June 3, 2013
“I am the voice of one crying in the wilderness, prepare the way of the Lord.” (John 1:23)
THE SEVENTH STEP: Evaluate and surrender your natural and spiritual gifts.
Once you get a good evaluation of your gift inventory, a principle application to the will of God for your life is to accept the limits of your limitations and the responsibility for your abilities. John the Baptist is a good example of a man who implemented this application. John knew who he was and he knew who he was not. He said, “I am the voice of one crying in the wilderness… ” That was who, what, and where John was to be. He knew it was foolish to try to be more than he was called to be. He also knew that life was too precious to be anything less than that voice crying in the wilderness.
I have known parishioners who experienced needless pain because they would not accept the limits of their limitations. However, when we are evaluated at the judgment seat of Christ, most of us will suffer agonizing shortfall because we did not accept the responsibility for our abilities. Like the unprofitable servant in The Parable of the Talents, some of us believe we are not gifted and we bury our talents (Matthew 25:14-30).
Your natural gifts are the result of your genetic heritage. Your spiritual gifts come with the Holy Spirit (1 Corinthians 12). How are you utilizing them for God’s Kingdom?
May 29, 2013
“Therefore, if anyone is in Christ, he is a new creation; old things have passed away; behold, all things have become new.” (2 Corinthians 5:17)
STEP NUMBER FIVE: Be completely open and unbiased about what the will of God for your life might be.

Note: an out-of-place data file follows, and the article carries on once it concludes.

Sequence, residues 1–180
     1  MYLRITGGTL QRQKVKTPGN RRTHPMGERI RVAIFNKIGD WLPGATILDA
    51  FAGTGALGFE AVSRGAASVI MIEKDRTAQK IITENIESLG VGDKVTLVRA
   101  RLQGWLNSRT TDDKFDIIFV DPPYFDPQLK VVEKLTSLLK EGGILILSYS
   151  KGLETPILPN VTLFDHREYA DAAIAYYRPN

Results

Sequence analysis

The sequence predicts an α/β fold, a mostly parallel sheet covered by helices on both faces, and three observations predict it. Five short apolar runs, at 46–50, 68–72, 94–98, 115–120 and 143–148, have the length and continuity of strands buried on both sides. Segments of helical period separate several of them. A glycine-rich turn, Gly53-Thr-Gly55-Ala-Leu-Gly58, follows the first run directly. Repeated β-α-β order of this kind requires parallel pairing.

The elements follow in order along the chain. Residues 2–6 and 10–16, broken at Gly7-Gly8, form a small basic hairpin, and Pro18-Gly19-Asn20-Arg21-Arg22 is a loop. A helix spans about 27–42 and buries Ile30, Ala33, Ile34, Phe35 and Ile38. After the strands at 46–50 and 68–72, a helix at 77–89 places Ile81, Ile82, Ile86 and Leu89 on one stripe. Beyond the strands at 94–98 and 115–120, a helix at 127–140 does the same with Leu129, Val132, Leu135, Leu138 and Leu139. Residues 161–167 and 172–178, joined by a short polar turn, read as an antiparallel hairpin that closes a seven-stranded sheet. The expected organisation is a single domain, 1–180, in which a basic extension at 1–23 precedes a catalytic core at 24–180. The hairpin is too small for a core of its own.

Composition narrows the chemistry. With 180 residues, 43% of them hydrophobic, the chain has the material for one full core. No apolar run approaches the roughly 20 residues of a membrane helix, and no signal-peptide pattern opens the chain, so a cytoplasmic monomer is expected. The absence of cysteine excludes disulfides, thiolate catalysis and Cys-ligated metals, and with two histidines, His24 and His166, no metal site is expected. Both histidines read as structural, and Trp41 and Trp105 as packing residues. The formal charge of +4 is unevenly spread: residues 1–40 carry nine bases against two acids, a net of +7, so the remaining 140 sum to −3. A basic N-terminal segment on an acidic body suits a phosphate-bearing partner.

A well paid consultant told me that much of the time when he earns large fees, his clients do not want his consultation. They simply want him to affirm what they have already decided to do. The will of God is often just out of our reach because we have our agendas in place when we come to God seeking His will. If our minds are set like concrete before we converse with God regarding His will for our lives, we are not really seeking His will when we pray or open His Word. We are actually asking God to bless our will, our agenda, and the way we have decided to go.
We must have the faith to believe the verse quoted above. It is tragically possible for you to miss the will of God for your life because you do not have the faith to believe that God can make you a new creation in Christ. Your extraordinary potential as a new creation in Christ is one reason why you must be completely open and unbiased as to what the will of God for you may be. Seeking God with your mind already made up could rob you of the will of God for a life that is good, perfect and the only life acceptable to your God. God loves you too much to let you live a life that is only a fragment of the life He has planned for you.
May 20, 2013
“If any man wills to do, he will know.” (John 7:17)
STEP NUMBER TWO: Be willing to do the will of God.